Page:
In a society where trade is a pillar of the economy, we must pay utmost attention to the importance of protecting businesses. While competition is essential for the proper functioning of a market, it must respect certain rules.
Some actions, often called unfair competition, are punishable by law while others are creative jurisprudence and do not necessarily threaten a competitive relationship. In a jurisprudential example we will examine the ruling of March 23, 2010 issued by the Commercial Chamber of the Court of Cassation concerning unfair competition and parasitism.
To understand the decision we refer to Article L442-6 of the Commercial Code:
"I. Engage the responsibility of the author and requires him to repair the harm done, for any producer, trader, business or person registered in the business directory:
6 ° Direct or indirect violation of a resale that has been prohibited outside the distributor’s network, linked by an inclusively or exclusively exempt distribution agreement and pursuant to the rules, applies to the law of competition;”
The Chanel Company, owner of numerous brands, acted against a company for its illegal use of Chanel trademarks and unfair and parasitic behavior. Their frustrations lay in the other company’s proposal to sell cosmetics and perfumes purchased from another company that had bought the stock of a dealer through public auction.
The decision holds that if resold, under poor presentation conditions, by an unauthorized distributer of products meant for circulation in legally watertight and selective distribution networks and compliant with the rules of competition, constitutes an act of unfair competition or parasitism. This engages the responsibility of the author explained at the end of the Article L. 442-6 I 6° of the Code of Commerce in that the alleged loss for Chanel is indistinguishable from the issue of illicit use of the brand, to the extent that the act originated in resale outside of the network by an unauthorized distributer that has been classified as illicit use.
The Court of Appeals has taken into consideration the conditions of presentation of the products by the company, engaging in this exercise with utmost discretion. They decided that Chanel did not suffer any damages aside from the illicit use of their brand, and therein justified their decision.”.
This case involves a question of unfair competition and parasitism. Unfair competition finds its roots in jurisprudence and an attempt to maintain fairness in competitive relationships. According to a judgment made in 1985 by the Court of Cassation, “if the free research of a clientele is identical to that of a business(es), and abuse of the freedom of trade voluntarily (or involuntarily) causes a disturbance in trade, it is therein classified as unfair competition.”
There are several types of action that constitute unfair competition and are typically decided on a case by case basis. In this example, the unauthorized distributor exploited the reputation of Chanel by selling its products without permission, either intentionally or intentionally (which is not taken into account). In this instance, it is considered unfair competition. Nevertheless, there are numerous other instances that merit unfair competition status; for instance in the event of defamation, devaluation of the competitor, comparative advertising (to be approved, it must be fair and true, limited to an objective comparison that may relation to similar traits of goods and services), or intentional distribution of products that will inevitably and undeniably confuse buyers into purchasing one product over another. This is explained in the field of torts in sections 1382 and 1383 of the Civil Code; specifying that there are fault and damages with causal links between both elements. An assessment of these elements is made by the judge, which often leads to differences between cases.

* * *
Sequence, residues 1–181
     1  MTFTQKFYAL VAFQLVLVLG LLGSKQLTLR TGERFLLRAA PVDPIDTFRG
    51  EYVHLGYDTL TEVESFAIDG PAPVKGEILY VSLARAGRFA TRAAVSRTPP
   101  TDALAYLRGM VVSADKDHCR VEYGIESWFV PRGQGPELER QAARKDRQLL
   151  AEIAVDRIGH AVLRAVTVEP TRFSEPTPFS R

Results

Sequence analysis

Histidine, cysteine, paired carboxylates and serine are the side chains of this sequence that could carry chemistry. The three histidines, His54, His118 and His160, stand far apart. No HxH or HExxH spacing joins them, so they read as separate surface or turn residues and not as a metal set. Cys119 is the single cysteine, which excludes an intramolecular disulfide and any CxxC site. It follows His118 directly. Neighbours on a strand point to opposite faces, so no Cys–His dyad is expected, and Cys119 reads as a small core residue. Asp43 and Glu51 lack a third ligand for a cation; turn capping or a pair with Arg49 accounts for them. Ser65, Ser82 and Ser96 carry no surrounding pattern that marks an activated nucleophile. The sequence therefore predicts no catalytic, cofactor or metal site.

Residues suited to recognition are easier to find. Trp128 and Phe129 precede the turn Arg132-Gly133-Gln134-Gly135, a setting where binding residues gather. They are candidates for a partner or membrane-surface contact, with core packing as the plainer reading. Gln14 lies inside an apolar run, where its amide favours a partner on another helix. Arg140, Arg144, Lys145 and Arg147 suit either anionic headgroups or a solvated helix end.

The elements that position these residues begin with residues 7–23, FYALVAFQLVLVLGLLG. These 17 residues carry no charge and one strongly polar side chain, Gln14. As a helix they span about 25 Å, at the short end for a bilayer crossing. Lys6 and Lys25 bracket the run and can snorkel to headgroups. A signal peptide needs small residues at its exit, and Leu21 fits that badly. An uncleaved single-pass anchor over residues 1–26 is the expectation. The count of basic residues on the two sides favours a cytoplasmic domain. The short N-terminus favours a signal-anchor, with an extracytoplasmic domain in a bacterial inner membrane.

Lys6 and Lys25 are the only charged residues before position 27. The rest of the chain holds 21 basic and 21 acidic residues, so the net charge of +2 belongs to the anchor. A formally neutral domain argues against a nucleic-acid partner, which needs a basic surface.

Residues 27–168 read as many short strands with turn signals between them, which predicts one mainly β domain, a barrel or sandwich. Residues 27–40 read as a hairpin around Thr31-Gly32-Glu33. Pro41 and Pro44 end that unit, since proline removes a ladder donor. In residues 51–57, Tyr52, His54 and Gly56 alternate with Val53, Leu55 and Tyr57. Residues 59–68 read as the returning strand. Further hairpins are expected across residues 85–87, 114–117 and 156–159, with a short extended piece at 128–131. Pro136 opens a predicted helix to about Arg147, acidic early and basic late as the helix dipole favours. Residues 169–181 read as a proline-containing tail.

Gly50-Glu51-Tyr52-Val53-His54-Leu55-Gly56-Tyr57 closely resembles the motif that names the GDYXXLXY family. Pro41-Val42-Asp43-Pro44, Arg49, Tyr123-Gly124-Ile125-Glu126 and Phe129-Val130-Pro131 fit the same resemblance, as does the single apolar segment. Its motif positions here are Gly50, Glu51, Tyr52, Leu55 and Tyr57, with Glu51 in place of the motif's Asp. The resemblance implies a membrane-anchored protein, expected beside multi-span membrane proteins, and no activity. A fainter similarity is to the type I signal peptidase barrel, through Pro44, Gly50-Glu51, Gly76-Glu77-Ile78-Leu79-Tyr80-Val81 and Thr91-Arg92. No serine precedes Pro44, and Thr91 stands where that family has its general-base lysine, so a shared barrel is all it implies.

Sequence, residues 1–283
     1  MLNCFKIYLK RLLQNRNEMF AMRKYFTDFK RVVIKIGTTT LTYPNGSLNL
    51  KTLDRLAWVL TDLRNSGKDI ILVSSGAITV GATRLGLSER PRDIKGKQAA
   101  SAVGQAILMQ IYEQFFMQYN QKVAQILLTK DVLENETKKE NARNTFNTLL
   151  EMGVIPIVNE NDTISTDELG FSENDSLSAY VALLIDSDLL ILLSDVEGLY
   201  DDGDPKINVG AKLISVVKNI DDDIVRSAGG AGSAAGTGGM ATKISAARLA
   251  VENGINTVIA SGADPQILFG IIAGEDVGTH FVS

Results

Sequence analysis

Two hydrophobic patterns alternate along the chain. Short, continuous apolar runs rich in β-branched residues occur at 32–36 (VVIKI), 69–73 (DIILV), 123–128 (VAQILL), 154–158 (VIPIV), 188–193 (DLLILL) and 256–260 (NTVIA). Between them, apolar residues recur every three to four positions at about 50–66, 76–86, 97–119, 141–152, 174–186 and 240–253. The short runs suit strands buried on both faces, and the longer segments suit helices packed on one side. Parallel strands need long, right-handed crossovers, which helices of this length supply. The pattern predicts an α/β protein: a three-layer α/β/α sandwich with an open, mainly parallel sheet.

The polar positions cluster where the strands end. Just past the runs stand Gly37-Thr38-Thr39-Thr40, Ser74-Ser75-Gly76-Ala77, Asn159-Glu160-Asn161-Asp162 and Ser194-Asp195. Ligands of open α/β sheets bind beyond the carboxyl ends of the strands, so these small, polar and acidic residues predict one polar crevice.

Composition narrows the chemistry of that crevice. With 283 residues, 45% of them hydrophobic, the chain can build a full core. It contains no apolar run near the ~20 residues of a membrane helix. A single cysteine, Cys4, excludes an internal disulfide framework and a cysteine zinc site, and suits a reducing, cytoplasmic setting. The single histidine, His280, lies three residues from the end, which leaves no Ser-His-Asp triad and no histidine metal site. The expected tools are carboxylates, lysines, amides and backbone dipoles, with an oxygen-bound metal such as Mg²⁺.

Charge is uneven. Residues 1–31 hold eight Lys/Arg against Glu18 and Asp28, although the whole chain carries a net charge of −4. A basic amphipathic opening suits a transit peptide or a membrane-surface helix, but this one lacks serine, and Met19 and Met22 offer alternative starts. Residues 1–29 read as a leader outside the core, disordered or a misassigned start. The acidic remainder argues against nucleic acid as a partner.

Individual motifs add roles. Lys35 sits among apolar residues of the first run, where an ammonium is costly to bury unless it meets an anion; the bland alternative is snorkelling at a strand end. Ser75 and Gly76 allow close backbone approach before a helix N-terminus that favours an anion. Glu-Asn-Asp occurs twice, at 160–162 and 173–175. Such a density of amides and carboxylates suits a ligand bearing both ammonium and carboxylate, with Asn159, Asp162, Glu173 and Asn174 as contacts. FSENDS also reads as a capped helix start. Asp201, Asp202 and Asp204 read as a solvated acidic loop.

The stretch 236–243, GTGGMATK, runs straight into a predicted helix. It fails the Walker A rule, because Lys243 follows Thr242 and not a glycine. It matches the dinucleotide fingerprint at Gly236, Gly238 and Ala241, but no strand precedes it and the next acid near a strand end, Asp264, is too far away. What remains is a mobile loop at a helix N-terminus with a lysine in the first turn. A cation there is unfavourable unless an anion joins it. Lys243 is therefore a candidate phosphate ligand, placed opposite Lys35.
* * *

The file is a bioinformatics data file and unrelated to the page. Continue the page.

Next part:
On the other hand, the judgment evokes the notion of parasitism: parasitism differs from unfair competition in that it allows action in a non-competitive setting. According to a verdict reached in the Commercial Chamber on January 26, 1999, economic parasitism is defined as “all conduct by which an economic agent interferes in the wake of another to take advantage without compensating them for their efforts and/or expertise.” Therefore, parasitism describes an abusive relationship in which one party uses the reputation and expertise of another to further their own status without offering anything in return. This is certainly not a competitive relationship because it is, simply put, the exploitation of one party by another without proper consent and authorization.
The concept of parasitic competition also exists and unfolds when one party capitalizes on the reputation of its competitors, approaching acts of plagiarism, without the intention to instill confusion in the mind of the consumer. This is the distinguishing factor between parasitism and unfair competition. Damages are difficult to decide because, since the two parties are not in a competitive relationship, it does not technically divert clientele and doesn’t cause a loss of revenue. What about moral damages?
Finally note that the jurisprudence is not very clear on this topic; the boundary between parasitism and unfair competition is rather vague and most often decided on a case by case basis. Therefore, one can simply identify a generalized set of actions that characterize an offense, which can then be punished in accordance with the applicable laws. In this sense, it is impossible to establish an exhaustive list of possible scenarios distinguishing between parasitism and unfair competition. Be cautious; there are many loopholes and complexities between these two situations which render it very difficult to conclusively deem a situation parasitism and another unfair competition.